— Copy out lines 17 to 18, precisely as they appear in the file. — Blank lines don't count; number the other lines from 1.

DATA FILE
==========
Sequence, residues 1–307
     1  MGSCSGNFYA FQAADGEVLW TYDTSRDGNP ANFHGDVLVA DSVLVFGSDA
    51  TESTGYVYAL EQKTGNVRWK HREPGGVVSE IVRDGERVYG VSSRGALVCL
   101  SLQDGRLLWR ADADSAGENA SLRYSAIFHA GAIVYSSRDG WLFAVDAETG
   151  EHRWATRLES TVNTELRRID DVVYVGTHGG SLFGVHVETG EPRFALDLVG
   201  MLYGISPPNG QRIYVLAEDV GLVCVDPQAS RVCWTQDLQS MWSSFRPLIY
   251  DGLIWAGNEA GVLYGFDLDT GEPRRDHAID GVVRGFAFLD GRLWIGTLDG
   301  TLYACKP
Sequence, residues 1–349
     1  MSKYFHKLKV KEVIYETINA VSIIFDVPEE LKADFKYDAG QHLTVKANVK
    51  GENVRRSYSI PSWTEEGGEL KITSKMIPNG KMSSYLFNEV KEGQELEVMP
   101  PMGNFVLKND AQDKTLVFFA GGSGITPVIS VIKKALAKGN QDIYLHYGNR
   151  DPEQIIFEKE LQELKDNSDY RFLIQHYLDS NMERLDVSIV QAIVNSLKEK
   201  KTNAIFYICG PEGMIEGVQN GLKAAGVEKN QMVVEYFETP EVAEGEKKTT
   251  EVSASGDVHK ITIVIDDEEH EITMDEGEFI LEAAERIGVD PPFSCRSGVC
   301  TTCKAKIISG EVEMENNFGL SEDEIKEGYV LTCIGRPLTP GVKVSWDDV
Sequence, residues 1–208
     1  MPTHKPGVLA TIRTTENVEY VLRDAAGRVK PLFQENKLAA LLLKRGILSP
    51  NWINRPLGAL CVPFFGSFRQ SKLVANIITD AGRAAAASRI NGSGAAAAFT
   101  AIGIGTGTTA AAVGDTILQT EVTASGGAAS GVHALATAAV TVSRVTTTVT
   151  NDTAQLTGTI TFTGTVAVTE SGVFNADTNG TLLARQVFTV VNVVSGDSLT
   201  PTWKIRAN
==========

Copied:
Sequence, residues 1–208
     1  MPTHKPGVLA TIRTTENVEY VLRDAAGRVK PLFQENKLAA LLLKRGILSP